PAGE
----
Saudi Arabia Starts Gulf Shield 1 Maneuvers

Photo: SPA Reuters Saudi Press Agency (SPA)06.10.2016 KSA
Saudi Arabia Starts Gulf Shield 1 Maneuvers

Saudi Arabia Starts Gulf Shield 1 Maneuvers

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The Royal Saudi Navy Forces started Tuesday their Maneuvers of Gulf Shield 1 in the waters of Arabian Gulf, Strait of Hormuz and the Sea of Oman, the Saudi Press Agency (SPA) reported.

Formations of the Royal Saudi Navy Forces of Eastern Fleet are participating in these drills which include the King s warships, speedboats, air navy aircraft, Marine Corps and special security naval units.

This was announced by the Commander of the exercises, Rear Admiral Majed bin Hazzaa Al-Qahtani.

He described the maneuvers of Gulf Shield 1 as one of the largest of its kind that being conducted by the Eastern Fleet in the Arabian Gulf and Sea of Oman through the Strait of Hormuz.

Rear Admiral Al-Qahtani said that Gulf Shield 1 maneuvers include all naval operations dimensions including air, surface and subsurface warfare and electronic warfare as well as mine operations, deployment of Marines, special naval security units and live ammunition s shootings, pointing out that these exercises are an extension of the prepared plans and training programs to raise the combat readiness and professional performance for units and employees of the naval forces in preparation for the protection of the marine interests of the Kingdom of Saudi Arabia against any possible aggression.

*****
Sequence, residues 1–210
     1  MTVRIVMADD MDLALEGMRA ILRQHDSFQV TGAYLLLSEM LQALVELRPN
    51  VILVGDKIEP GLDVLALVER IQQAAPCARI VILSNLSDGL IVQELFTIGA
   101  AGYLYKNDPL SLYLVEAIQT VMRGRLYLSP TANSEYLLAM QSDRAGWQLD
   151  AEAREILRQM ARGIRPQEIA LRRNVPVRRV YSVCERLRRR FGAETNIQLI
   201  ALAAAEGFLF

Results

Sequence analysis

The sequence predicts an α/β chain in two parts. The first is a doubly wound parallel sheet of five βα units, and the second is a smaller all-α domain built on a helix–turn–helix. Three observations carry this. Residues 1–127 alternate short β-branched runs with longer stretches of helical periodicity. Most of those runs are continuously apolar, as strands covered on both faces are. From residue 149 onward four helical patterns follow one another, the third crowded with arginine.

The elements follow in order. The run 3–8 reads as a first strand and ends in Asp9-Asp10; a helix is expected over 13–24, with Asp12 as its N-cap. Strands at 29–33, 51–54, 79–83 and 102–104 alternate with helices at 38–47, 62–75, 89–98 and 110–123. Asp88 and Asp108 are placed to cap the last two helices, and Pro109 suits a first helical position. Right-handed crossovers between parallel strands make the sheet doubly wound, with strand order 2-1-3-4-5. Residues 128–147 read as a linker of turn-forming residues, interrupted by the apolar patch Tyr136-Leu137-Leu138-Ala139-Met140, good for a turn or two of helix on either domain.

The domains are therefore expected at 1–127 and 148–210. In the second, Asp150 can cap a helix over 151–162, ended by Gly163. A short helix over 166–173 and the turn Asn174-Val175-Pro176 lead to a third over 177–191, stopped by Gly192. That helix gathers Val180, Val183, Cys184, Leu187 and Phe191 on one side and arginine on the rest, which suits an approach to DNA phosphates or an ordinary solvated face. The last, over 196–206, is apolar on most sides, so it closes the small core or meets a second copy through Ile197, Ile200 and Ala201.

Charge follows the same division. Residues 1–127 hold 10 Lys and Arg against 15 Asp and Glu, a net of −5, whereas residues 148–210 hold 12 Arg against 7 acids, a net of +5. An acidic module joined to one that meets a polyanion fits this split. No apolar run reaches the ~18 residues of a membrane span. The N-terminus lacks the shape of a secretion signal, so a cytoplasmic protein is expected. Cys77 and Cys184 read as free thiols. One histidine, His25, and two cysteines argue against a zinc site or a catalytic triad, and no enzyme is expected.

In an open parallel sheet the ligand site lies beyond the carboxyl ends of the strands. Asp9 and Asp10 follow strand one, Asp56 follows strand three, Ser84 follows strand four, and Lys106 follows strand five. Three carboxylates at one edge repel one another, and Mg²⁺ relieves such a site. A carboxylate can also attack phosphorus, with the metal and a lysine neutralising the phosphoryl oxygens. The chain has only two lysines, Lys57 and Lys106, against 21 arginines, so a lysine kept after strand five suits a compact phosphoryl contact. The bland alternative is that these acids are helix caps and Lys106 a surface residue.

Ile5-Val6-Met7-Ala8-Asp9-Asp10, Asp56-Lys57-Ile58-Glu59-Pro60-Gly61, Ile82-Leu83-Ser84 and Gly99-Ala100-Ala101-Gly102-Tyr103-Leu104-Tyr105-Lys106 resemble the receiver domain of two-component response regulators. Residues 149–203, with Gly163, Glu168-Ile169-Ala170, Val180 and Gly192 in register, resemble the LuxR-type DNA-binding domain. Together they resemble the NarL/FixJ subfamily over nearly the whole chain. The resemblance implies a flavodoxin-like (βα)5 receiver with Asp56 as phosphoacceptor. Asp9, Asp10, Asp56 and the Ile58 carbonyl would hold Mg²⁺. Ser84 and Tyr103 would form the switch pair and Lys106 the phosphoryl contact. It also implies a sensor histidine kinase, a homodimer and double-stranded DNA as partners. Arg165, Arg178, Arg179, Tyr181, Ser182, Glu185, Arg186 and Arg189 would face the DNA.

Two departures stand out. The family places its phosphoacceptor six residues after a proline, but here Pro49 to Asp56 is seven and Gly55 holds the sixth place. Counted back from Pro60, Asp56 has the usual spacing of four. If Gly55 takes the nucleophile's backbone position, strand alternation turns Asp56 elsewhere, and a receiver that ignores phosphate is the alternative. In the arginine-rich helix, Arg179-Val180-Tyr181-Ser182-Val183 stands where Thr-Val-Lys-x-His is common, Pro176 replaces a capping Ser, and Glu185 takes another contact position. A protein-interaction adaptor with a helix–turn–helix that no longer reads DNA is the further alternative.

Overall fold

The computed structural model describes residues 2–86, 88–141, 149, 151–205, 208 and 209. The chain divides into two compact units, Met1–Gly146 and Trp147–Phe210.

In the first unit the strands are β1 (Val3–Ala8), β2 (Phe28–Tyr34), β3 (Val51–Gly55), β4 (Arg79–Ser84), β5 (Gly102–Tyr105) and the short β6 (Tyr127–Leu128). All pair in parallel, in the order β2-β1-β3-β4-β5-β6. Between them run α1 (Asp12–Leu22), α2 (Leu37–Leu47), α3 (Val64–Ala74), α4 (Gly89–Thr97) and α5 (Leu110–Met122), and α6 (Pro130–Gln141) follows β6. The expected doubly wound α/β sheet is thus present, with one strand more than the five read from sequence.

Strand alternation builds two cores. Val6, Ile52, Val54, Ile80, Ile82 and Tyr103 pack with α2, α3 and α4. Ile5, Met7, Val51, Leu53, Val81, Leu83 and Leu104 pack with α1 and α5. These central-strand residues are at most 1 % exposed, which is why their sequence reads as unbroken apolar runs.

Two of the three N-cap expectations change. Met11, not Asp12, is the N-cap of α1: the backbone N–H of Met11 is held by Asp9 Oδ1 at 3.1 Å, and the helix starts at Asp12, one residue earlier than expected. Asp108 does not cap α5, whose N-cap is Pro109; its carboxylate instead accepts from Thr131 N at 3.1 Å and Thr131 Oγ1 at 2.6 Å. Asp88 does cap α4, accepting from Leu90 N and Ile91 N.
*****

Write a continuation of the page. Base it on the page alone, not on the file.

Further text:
Saudi Arabia is concerned by the growing clout in the region of Iran, which has emerged from years of international economic sanctions following a deal over its nuclear program signed by Tehran and world powers in 2015.

Saudi Arabia is leading a coalition of Muslim countries, backed by the United States, Britain and France, in a war in neighboring Yemen. The campaign, aimed at restoring a government ousted by an Iran-allied militia, is part of a more assertive effort by Riyadh since last year to counter Iran’s influence.

Some 17 million barrels per day (bpd), or about 30% of all seaborne-traded oil, passed through the Strait of Hormuz in 2013, according to the US Energy Information Administration.



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